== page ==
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In the Classroom > Course Overview > Unit Overview > Lesson 4
Lesson 4
Women's Roles during the Federal Era

During the 1780-1820 period, the responsibilities thrust on women were extensive. If the man's world was primarily outdoors, the woman's was largely indoors. And although her work was also seasonal to some extent, the word "dailiness" better describes it. She oversaw the care of the house and the children, the processing of food for the table and for winter storage, and the creation of bedding and garments.

Women were often responsible for maintaining the quality of life not only for their own nuclear family, but also for an extended household that could include grandparents, maiden aunts, bachelor uncles, frail or infirm relatives, household help, and farm laborers. The numbers could vary greatly over a period of time. Bonds within families could be strong, although the births of children within a family could create tension and additional burdens among the elders, who provided the care and teaching for those children as they grew. Ultimately, each person relied on the housewife for his or her care and the creation of a sense of "family." In spite of the wife's extensive responsibilities, the husband, according to the conventions of the time, ruled her.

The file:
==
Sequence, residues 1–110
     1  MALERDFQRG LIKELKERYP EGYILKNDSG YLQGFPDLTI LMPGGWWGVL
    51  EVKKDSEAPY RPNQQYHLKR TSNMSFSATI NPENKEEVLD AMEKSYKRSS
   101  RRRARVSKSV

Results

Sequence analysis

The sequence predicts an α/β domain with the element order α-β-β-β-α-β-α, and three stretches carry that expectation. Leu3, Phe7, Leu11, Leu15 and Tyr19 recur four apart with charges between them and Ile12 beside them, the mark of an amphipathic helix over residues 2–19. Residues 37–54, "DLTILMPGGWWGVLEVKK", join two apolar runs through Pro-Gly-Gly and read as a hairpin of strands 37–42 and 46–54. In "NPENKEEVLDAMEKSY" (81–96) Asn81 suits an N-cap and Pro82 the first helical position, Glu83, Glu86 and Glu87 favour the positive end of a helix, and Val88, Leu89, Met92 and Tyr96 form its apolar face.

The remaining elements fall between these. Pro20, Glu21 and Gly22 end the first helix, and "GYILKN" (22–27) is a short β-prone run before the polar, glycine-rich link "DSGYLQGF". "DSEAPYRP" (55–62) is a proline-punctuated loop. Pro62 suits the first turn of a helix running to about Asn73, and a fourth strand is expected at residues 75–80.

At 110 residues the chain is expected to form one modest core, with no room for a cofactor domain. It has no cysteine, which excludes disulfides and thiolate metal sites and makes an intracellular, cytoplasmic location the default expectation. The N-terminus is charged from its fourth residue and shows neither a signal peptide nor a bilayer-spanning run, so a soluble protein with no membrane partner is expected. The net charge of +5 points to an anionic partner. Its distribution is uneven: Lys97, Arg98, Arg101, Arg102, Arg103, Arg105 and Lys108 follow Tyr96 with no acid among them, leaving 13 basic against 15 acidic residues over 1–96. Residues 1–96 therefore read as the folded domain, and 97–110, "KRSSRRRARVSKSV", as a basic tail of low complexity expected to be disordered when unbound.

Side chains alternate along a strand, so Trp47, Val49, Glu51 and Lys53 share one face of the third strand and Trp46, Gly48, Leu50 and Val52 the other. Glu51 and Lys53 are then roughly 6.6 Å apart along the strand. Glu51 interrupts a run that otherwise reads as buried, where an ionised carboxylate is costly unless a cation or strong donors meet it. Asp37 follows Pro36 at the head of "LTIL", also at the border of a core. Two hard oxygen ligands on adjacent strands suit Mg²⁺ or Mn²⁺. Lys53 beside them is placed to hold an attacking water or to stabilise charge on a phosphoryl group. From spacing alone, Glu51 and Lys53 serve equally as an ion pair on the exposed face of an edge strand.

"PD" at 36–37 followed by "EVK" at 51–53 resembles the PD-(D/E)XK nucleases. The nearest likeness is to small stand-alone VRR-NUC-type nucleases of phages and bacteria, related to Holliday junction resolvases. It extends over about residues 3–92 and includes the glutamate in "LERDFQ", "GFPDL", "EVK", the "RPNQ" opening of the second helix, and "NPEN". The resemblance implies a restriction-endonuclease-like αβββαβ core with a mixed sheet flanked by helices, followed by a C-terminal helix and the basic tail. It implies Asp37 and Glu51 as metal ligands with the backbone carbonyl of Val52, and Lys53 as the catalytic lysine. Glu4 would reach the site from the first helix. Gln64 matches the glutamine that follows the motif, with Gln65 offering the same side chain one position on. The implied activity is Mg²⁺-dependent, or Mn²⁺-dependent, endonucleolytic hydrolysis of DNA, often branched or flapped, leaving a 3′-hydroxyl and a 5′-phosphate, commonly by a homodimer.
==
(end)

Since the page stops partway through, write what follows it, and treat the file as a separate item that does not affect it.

Births and deaths in this period were the province of the women of the communities. At the time of a birth, a female relative was usually expected to be present as well as women neighbors and a midwife, rather than a physician. (Near the end of Martha Ballard's midwife career, male physicians began to replace female midwives at birthings.) The women not only assisted with the preparations for the birth and the birth itself, but also provided support during the first days of the infant's arrival. In farm families, the period of confinement was relatively brief, while in more affluent families, the confinement time might be extended to include a period of extended bed rest, during which time the new mother formally received guests.


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